When my great uncle, John Calhoun Bell, was county attorney in western Colorado, the local doctor challenged him to a duel. It was 1876. Friends assured Uncle John it was a bluff, so he accepted the challenge. But the sawbones wasn’t bluffing. The code of the west called for double barreled shotguns at twenty yards.

Like other men in my mother’s family, Uncle John was gentle and thoughtful and witty, a most unlikely duelist. Nevertheless, with great fear and trembling, he showed up at Dead Man’s Hill on the appointed Sunday morning. Armed lawyer and armed doctor paced off ten yards each in opposite directions, then turned and fired. Neither fell. Their seconds had emptied all the buckshot from the shells. Uncle John went on to become a judge, serve five terms in Congress, and lived into his eighties.

The aggrieved doctor should have sued Uncle John. Dueling was against the law on the Colorado frontier, as it is everywhere today. Civility, it is said, has moved our grievances from Dead Man’s Hill to the courtroom. But the courtroom can’t guarantee civility. Recently, a judge, losing patience with opposing lawyers locked in a nasty personal battle before him, growled, “This case makes me lament the demise of dueling…but I cannot order a duel and thus reduce the number of counsel I have to put up with!”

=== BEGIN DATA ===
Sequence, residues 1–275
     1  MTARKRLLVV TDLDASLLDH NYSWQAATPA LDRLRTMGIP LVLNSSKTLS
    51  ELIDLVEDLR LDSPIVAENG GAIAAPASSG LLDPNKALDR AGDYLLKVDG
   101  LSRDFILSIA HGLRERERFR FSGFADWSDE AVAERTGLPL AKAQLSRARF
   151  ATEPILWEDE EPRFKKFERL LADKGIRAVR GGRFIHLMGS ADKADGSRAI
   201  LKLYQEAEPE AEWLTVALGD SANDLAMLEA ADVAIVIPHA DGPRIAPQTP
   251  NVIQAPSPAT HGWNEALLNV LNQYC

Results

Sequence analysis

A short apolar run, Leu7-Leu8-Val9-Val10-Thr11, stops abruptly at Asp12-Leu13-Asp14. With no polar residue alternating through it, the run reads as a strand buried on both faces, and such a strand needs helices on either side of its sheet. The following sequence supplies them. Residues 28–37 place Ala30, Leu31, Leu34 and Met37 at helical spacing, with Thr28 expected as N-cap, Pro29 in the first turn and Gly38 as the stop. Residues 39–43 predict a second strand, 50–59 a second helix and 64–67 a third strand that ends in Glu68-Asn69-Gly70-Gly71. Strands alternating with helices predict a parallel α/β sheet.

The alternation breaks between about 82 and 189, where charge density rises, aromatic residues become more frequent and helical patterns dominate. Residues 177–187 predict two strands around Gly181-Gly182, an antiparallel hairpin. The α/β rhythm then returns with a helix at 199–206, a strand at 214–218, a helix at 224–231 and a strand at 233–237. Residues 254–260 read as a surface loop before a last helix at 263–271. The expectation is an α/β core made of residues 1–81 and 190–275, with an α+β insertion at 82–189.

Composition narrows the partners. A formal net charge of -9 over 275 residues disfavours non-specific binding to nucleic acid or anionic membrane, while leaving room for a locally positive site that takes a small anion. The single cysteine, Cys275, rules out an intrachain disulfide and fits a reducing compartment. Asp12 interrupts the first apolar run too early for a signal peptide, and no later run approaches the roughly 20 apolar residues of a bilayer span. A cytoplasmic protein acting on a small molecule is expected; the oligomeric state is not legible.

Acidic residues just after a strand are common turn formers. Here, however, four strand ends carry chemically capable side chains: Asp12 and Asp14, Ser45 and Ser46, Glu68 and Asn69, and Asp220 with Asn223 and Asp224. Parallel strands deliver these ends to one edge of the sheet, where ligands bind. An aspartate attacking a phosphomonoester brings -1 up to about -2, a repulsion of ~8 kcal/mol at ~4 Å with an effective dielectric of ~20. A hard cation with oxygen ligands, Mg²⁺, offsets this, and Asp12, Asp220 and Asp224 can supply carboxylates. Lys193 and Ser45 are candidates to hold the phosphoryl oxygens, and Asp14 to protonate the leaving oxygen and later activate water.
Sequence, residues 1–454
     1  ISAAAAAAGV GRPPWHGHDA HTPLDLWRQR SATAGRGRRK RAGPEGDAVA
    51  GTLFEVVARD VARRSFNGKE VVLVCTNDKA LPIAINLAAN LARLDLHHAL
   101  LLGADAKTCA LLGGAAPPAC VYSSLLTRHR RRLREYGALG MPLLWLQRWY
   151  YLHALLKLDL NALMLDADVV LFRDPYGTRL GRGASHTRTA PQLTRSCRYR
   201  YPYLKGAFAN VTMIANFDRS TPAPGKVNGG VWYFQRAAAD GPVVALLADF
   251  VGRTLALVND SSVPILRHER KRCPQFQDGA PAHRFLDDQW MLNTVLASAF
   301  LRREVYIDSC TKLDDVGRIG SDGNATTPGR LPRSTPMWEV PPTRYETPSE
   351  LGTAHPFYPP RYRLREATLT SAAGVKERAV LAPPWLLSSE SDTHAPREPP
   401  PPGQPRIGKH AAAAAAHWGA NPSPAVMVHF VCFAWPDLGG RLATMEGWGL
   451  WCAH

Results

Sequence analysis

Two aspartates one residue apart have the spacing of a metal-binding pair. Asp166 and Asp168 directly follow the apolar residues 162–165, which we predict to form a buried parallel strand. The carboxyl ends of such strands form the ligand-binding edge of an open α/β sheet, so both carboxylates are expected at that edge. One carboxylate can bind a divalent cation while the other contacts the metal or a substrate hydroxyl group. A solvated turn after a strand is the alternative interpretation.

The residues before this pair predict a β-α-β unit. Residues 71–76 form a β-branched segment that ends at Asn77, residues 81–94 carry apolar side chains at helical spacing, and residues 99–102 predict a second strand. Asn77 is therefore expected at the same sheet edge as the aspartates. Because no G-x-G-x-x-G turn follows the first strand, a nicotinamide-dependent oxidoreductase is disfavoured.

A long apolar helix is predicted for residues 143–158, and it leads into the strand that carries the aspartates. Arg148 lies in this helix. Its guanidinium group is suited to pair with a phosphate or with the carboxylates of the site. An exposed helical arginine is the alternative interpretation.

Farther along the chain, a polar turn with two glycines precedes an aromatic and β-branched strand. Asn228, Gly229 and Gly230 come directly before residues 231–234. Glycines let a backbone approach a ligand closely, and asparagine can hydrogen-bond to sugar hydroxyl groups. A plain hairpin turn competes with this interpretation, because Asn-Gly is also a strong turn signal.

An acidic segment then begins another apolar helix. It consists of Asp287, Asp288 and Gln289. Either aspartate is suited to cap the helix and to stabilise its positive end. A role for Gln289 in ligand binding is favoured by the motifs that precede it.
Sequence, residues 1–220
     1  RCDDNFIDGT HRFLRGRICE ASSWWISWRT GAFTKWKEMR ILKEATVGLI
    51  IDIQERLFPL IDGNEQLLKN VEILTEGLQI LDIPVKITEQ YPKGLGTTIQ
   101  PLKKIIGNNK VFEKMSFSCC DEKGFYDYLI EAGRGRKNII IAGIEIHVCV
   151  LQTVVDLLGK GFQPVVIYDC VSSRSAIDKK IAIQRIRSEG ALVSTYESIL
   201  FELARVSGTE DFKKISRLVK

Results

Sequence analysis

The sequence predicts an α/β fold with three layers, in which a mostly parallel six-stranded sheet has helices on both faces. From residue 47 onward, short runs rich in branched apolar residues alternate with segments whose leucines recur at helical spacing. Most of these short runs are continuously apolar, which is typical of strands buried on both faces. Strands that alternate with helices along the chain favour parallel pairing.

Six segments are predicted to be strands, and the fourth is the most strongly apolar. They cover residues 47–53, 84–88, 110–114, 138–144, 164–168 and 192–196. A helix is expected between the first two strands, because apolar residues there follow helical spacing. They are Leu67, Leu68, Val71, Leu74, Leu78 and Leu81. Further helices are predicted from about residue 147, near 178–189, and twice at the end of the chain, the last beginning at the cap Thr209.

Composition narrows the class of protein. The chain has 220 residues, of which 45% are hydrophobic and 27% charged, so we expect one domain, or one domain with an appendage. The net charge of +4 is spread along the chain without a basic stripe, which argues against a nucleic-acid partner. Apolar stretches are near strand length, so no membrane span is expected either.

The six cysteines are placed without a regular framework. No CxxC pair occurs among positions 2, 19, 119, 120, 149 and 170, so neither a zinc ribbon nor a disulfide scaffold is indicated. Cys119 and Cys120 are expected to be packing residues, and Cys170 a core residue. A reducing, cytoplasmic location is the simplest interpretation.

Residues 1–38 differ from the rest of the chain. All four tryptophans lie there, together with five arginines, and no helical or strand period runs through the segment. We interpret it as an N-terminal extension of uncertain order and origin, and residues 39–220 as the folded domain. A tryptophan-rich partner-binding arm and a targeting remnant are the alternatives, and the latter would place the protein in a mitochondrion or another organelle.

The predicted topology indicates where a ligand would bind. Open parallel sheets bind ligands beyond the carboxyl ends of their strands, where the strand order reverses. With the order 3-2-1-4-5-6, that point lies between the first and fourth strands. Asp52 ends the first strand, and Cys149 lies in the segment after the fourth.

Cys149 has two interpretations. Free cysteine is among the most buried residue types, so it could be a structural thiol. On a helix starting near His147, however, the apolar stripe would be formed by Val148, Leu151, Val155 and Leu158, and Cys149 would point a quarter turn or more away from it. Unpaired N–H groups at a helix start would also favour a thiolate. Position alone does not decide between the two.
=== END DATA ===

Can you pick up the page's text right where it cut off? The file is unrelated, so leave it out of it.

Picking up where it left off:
Duels between or among families we call feuds. America’s most famous feuding families, the Hatfields and McCoys, had intermarried. Today’s family courtroom feuds can be anything but civil. Except for the shotguns, they are bleak reminders of Dead Man’s Hill. If the law allowed, an impatient judge might send the parties home to settle their differences in an old fashioned feud.

My job is to prevent courtroom feuds over money between family members. “It’s not the money”, both sides insist. Later on I hear, “Well…it’s not the money…altogether.” Then what is it, other than the money, that’s worth ripping and tearing precious family relationships built by generations of patient nurture? I call that something other than money, a “flashpoint”.

Flashpoints start arguments about money, generate conflicts, provoke lawsuits.

Like lightning, some flashpoints are beyond our control…but we can take precautions. Someone in the older generation, now dead, shortchanged a sister, whose children want to square things. How do they right the wrong without unhinging the family?

Like embers, some flashpoints will burn away and cause no harm. Someone in the older generation, now dead, shortchanged a sister, who has forgiven or forgotten, or let it pass. Her children decide not to go there. Like glowing coals in an unattended campfire, some flashpoints smolder, waiting for the wind to blow them into the woods. Flashpoints smolder in people — who are dissatisfied, feel undervalued, left out, unappreciated, disappointed, misunderstood. Flashpoints smolder in relationships — rivalries, jealousies, estrangements, between people who don’t speak. Flashpoints smolder in circumstances — poor health, accidents, misfortune.

A heads up: Families defuse feuds best. Empty family buckshot if you can. Don’t leave family campfires unattended. All too often, it’s lawyers’ wind that blows smoldering flashpoints into the woods.

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